President Donald Trump has painted a bleak picture of a broken country after being sworn in as US president.
He spoke of abandoned factories, rampant crime and a failed education system, pledging that his presidency would bring about change.
“This American carnage stops right here and stops right now,” President Trump said on the steps of the Capitol.
Thousands of Trump supporters traveled across the country to witness the occasion from the National Mall.
The moment marks the end of an improbable journey for the property tycoon after a campaign marked by controversy.
Shortly after the ceremony Mr Trump was seen signing his first official actions as the 45th president.
He sent his Cabinet nominations to the Senate as well as a signed a proclamation for a national day of patriotism, according to Press Secretary Sean Spicer.
He also signed into law a waiver allowing retired Marine General James Mattis, his pick for defence secretary, to serve in the post.
Mr Trump briefly spoke at a Capitol luncheon to thank his Democratic opponent Hillary Clinton and her husband, former President Bill Clinton.
He asked the former president and Mrs Clinton, who lost to Mr Trump in a dramatic upset in November’s election, to stand to be recognised. The pair rose to applause.
In his inaugural address, he promised to be the voice of the “forgotten people”, ignored by Washington politicians.
Today, he said, was “the day the people became rulers of this nation again”.
“I will fight for you with every breath left in my body and I will never ever let you down,” said President Trump after Chief Justice John Roberts administered the oath.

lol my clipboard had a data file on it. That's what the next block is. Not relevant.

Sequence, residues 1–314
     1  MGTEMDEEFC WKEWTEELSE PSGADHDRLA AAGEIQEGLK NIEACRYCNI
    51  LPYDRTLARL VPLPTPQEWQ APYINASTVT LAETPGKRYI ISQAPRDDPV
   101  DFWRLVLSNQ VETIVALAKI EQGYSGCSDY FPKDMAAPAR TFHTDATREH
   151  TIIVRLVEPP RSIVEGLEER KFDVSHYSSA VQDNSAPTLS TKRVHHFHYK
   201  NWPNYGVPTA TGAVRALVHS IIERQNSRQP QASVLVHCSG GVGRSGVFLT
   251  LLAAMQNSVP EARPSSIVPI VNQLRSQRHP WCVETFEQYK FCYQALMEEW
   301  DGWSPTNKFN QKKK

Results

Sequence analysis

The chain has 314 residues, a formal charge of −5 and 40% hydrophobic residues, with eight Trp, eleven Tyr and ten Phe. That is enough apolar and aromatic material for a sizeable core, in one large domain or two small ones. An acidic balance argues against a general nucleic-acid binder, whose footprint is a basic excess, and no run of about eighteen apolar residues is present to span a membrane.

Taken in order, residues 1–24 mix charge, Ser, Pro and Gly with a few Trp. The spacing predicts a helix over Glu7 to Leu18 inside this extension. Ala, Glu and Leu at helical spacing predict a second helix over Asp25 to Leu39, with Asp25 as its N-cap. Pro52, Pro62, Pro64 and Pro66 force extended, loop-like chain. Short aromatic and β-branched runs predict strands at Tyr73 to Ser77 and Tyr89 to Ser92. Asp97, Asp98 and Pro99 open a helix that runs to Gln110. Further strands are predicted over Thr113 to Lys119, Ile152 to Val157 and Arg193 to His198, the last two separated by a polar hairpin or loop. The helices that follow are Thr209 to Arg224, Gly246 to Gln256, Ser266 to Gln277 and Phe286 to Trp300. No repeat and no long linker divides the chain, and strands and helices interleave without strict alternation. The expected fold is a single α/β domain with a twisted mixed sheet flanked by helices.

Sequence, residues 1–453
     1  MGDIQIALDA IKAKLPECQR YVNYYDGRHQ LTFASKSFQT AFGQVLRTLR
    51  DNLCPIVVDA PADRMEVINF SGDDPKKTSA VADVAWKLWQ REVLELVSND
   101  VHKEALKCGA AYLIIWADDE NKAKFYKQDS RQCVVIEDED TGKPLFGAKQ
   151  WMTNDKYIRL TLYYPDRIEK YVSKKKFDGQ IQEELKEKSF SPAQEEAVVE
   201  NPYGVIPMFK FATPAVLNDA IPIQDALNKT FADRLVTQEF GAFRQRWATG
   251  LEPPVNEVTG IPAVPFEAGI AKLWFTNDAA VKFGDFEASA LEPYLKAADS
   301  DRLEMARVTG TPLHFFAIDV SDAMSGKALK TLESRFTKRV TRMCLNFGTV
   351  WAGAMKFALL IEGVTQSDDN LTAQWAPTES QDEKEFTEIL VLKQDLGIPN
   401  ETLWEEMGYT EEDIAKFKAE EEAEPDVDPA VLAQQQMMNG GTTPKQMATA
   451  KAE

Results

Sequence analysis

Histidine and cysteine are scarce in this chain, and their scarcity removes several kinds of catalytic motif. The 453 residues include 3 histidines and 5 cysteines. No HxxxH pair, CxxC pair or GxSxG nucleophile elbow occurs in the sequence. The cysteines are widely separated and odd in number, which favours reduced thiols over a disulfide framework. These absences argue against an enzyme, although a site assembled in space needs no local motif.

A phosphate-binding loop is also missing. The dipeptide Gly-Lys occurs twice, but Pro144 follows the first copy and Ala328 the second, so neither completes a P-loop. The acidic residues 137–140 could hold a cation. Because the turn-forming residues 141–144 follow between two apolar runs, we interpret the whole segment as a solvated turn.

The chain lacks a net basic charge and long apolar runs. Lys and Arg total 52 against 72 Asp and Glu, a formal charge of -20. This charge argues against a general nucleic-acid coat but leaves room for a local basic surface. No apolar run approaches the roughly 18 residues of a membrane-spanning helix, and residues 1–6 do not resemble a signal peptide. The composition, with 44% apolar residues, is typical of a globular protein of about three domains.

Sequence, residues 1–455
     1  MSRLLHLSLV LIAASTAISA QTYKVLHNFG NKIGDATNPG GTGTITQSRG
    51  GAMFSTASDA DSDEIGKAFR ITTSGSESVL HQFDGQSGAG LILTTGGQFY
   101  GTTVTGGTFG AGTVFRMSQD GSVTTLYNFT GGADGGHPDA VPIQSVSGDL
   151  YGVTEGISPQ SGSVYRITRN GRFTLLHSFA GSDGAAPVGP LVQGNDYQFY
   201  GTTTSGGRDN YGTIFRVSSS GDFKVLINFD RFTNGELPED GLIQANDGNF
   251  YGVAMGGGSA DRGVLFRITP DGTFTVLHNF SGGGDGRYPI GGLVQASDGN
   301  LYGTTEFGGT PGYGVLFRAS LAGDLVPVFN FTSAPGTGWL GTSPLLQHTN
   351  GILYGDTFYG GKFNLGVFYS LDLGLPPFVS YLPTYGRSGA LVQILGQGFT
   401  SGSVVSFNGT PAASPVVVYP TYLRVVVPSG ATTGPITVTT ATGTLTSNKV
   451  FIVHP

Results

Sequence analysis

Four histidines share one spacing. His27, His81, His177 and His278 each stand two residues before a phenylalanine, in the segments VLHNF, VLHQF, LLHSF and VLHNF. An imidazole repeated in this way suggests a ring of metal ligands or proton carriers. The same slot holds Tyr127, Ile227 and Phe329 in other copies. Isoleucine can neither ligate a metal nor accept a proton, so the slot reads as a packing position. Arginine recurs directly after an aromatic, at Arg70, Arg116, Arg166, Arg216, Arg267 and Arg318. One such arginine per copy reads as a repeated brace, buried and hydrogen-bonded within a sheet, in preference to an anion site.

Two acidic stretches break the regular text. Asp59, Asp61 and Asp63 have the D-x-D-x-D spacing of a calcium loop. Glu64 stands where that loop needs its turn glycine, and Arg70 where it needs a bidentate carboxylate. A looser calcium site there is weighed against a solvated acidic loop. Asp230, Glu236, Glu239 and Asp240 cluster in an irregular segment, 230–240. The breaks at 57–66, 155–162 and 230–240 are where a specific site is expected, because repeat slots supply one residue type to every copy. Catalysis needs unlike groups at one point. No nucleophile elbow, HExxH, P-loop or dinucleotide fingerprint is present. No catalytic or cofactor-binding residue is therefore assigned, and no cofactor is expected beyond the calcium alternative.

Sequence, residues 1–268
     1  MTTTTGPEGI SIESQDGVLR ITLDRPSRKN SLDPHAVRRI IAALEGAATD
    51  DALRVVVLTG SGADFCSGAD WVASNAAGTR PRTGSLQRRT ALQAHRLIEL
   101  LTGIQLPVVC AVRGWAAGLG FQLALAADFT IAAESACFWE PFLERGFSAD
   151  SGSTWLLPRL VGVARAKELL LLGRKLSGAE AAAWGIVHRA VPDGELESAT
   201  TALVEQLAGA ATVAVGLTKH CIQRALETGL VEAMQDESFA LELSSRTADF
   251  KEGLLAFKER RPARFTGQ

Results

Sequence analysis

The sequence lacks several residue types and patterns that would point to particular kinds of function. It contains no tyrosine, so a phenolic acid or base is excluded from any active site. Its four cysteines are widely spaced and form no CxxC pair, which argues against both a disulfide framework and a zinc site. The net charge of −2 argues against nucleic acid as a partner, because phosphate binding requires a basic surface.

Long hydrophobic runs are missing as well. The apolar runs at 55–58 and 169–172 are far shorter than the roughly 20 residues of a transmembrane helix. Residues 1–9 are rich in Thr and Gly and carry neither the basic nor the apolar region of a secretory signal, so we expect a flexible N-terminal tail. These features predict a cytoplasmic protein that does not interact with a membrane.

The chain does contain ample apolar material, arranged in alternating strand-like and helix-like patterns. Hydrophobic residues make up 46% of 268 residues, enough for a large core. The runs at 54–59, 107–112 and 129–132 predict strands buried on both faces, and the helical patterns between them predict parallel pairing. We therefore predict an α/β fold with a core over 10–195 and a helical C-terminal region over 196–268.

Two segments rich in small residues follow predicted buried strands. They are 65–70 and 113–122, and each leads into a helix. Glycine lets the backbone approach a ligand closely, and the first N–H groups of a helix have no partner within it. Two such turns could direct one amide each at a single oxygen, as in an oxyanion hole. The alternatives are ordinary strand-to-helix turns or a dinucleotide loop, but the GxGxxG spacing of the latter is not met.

“America will start winning again, winning like never before.
“We will bring back our jobs, bring back our borders, bring back our wealth and we will bring back our dreams.”
President Trump and Vice-President Mike Pence waved goodbye as the Bidens and Obamas left the Capitol.
The Obamas held hands as they boarded a military helicopter that took them to Joint Base Andrews in Maryland.
Mr Obama delivered remarks to staff and supporters before he and his wife flew to Palm Springs, California, for a holiday.
He told a crowd they “proved the power of hope” and that “this isn’t a period, it’s a comma in the continuing story of building America”.
The historic moment drew congratulation messages from dignitaries around the world including Pope Francis, who said he was praying Mr Trump’s decisions would be guided by the “rich spiritual and ethical values” that have shaped America’s history.
British Foreign Secretary Boris Johnson also offered well wishes, and Canadian Prime Minister said he looked forward to restoring “prosperity to the middle class on both sides of the border”.
Former presidents and first ladies, including George W Bush and his wife Laura as well as Jimmy Carter, were in attendance.
The only absences were 92-year-old George Bush Senior, who is in hospital being treated for respiratory problems, and his wife Barbara.
Members of Congress were also in attendance, although more than 50 House Democrats had refused to attend the ceremony in protest.
Mr Trump takes power at a time when the country appears to be deeply divided. He enters the presidency with historically low approval ratings.
He has vowed to roll back many of his predecessor’s policies, including repealing Mr Obama’s signature health care law and building a wall along the US-Mexico border
Authorities arrested nearly 100 people protesting against the inauguration, according to the Metropolitan Police Department.
Many were apprehended for “vandalism and destruction of property”, said spokesman Lieutenant Sean Conboy.
Mr Conboy also said two police officers were hurt during clashes.
Earlier, about 150 protesters dressed in black marched through Washington, smashing windows and rolling rubbish bins into the street to form blockades.
The Women’s March on Washington on Saturday – for racial and gender equality, and other issues perceived to be under threat from Mr Trump’s administration – is expected to draw about 200,000 people.